Glory Road / Railroad Exhibit

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Glory Road / Engine No. 47

"Glory Road" was a sentimental expression that dates back to the 19th century. This term was associated with the history and admiration of America's railroads. Engine No. 47 with a 4-6-4 wheel arrangement was built by the Montreal Locomotive Works in 1914 and originally based in Montreal. Today, it is the only engine of its type surviving in the United States.

Glory Road / Parlor Car Fares

A Parlor Car is a railroad passenger car that has individual reserved seats and was considered more comfortable than standard coach accommodations.

Glory Road / Wheel Tapping

A Wheel Tapper was a railway occupation that was mostly associated with the steam age. This job would have people employed to tap train wheels with hammers and listen to the sound made to determine the integrity of the wheel; cracked wheels like cracked bells do not sound the same as their intact counterparts.

Glory Road / Locomotive No. 790

The Consolidation Type Locomotive with a 2-8-0 wheel arrangement became one of the all time great steam locomotive designs. More “Consolidations”were built than any other wheel arrangement. Roughly 23,000 were built for use in the USA and 12,000 more for export.

Glory Road / Permanent Way

Permanent Way was a term that originated in the early days of British Railway construction as a distinction between the building of temporary track lines and the finished, or permanent track.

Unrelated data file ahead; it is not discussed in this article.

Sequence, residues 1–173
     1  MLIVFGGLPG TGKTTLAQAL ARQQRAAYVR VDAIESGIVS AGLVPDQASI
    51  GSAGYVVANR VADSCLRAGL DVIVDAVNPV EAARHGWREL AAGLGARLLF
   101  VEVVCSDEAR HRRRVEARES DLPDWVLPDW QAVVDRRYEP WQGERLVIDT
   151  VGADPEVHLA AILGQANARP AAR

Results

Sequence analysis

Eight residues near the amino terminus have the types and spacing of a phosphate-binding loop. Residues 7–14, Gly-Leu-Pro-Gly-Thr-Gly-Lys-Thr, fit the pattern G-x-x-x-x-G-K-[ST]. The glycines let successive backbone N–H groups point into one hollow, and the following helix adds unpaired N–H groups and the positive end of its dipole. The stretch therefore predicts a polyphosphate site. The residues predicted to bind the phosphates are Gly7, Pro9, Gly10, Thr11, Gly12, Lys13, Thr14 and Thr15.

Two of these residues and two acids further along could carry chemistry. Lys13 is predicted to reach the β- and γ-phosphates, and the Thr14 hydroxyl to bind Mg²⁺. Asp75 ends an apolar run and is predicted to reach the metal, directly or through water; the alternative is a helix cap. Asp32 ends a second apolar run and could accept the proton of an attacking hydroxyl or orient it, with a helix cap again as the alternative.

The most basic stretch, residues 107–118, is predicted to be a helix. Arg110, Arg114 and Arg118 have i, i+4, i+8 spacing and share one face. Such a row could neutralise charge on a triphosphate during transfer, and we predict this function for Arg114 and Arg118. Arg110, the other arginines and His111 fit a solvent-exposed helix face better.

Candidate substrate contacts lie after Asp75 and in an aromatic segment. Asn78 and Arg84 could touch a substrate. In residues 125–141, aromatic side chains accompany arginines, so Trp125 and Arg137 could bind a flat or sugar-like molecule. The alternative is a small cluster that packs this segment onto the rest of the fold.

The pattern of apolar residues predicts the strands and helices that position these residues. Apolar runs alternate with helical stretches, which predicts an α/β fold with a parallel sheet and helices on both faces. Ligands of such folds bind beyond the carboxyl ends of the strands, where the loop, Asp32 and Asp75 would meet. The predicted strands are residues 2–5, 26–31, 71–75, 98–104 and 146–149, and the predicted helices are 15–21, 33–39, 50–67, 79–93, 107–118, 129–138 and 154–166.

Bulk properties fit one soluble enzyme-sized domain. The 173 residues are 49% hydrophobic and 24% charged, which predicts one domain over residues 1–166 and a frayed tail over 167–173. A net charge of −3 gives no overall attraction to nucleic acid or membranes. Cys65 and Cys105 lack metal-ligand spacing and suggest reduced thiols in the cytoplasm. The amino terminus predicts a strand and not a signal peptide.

Glory Road / Steam

"The introduction of so powerful an agent as steam to a carriage on wheels will make a great change in the situation of man" Thomas Jefferson, 1802. No invention on the 1800's played a more vital role in the Industrial Revolution than the Steam locomotive. This creation initiated the biggest leap in transportation technology in history and was arguably that period's most important product.

Glory Road / Solid Track

A term Solid Track was often used by railroad workers to signify that a track is full of powered and unpowered railway cars.

Glory Road / Smoke Stacks

The Smokestack is a devise that is used on a steam locomotive to help release smoke and pressure. They are one of the most important parts of a steam locomotive, without them the engines would explode from having too much pressure. They also polluted the air and this led to one of the reasons that ended the Steam-Era in railroading.

Glory Road / Seeds of Iron

In 1850 U.S. President Millard Fillmore signed a land grant for the construction of a railroad that would link the northern and southern parts of the state of Illinois. This in turn made the Illinois Central Railroad the first land-grant railroad offered in the United States.

Glory Road / Rare Mileage

Rare Mileage refers to passenger trains traveling over track lines that would not normally offer regular passenger service.

Glory Road / Eagle Eye

The Eagle Eye / Engineer was in charge of, and responsible for operating the locomotive, as well as the mechanical operation of the train, train speed, and all train handling.

Glory Road / Brass Pounder